Municipality of Nissewaard is linking opportunities presented by sheet piling replacement
Over the next four years, the municipality of Nissewaard will be replacing 20 kilometres of sheet piling in Spijkenisse. Sheet piling involves a wooden, steel, or plastic structure that protects shores, banks, and gardens against water. The sheet piling structures are located along several drainage canals and along 500 house gardens. While the sheet piling work is being carried out, residents will have the opportunity to have their gardens greened and climate-proofed. Nissewaard is thus combining a spatial tasking with adaptation measures and measures aimed at fostering biodiversity.
What exactly does the work involve?
Many of the sheet piling structures in Spijkenisse need replacing. Verkuil & Moree contractors will be carrying out the replacement. Local residents may request the contractors to green and climate-proof their gardens while they are at it. For example, tiles may be replaced with greenery, downspouts may be connected to a rain barrel, or insect hotels may be put up. This project ties in with a previous pilot in Nissewaard, aimed at encouraging residents to green their property.
How is the municipality helping residents to make a choice?
Before the contractors embark on their work, a municipal environment manager will visit the residents to discuss their options. The environment manager can also give tips on potential green measures to be implemented in the garden. The municipality is encouraging residents, in addition to simple steps, also to opt for major measures such as constructing a green façade, a rainwater fence, or a vegetable garden.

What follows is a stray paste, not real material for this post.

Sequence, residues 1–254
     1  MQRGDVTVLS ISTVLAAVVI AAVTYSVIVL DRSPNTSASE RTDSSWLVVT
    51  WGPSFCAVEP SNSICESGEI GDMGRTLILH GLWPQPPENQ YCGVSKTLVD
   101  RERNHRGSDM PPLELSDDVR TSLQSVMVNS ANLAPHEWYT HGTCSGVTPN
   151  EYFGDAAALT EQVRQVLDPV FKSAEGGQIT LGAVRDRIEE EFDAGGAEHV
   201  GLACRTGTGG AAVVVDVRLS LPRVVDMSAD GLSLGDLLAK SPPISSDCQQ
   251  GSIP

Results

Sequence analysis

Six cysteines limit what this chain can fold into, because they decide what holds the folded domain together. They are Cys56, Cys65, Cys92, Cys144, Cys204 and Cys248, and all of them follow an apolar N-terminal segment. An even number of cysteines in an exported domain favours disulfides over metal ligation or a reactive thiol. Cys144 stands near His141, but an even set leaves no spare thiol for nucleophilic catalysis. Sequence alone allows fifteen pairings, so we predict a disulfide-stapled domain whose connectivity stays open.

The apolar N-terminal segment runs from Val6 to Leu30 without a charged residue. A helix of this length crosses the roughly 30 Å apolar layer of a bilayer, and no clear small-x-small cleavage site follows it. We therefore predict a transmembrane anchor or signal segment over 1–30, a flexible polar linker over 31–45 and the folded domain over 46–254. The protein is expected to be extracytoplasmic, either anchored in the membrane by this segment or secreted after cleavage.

What are the results?
The municipality of Nissewaard has conducted surveys among the residents involved. According to these surveys, more than 20 per cent of the residents who previously were unconcerned with climate adaptation are now taking an interest in the matter. During the first round of work, 30 per cent took advantage of the offer to have their gardens greened, to have a rain barrel connected, or to have an insect hotel put up.
Lessons to be learned
This project has generated the following lessons to be learned:
- Initially, some residents were hesitant about the project, but in many cases they joined in once they had had some time to think about it. The project planning allows them four to six weeks’ time for reflection. Personal interviews with a representative of the municipality also help to win residents over.
- Involving residents in spatial maintenance that is due anyhow enhances the appeal of a project. When work is being scheduled, residents want to know what is going to happen. Consequently, such work often entails a good opportunity to broach the subject of greening or climate adaptation with residents. Without such a link, many residents tend to take a negative stance.
- Municipalities should refrain from giving their residents an abundance of choices and shoulder the burden for participating residents: put up the insect hotel for them and connect the rain barrel for them. This makes participation more appealing to residents.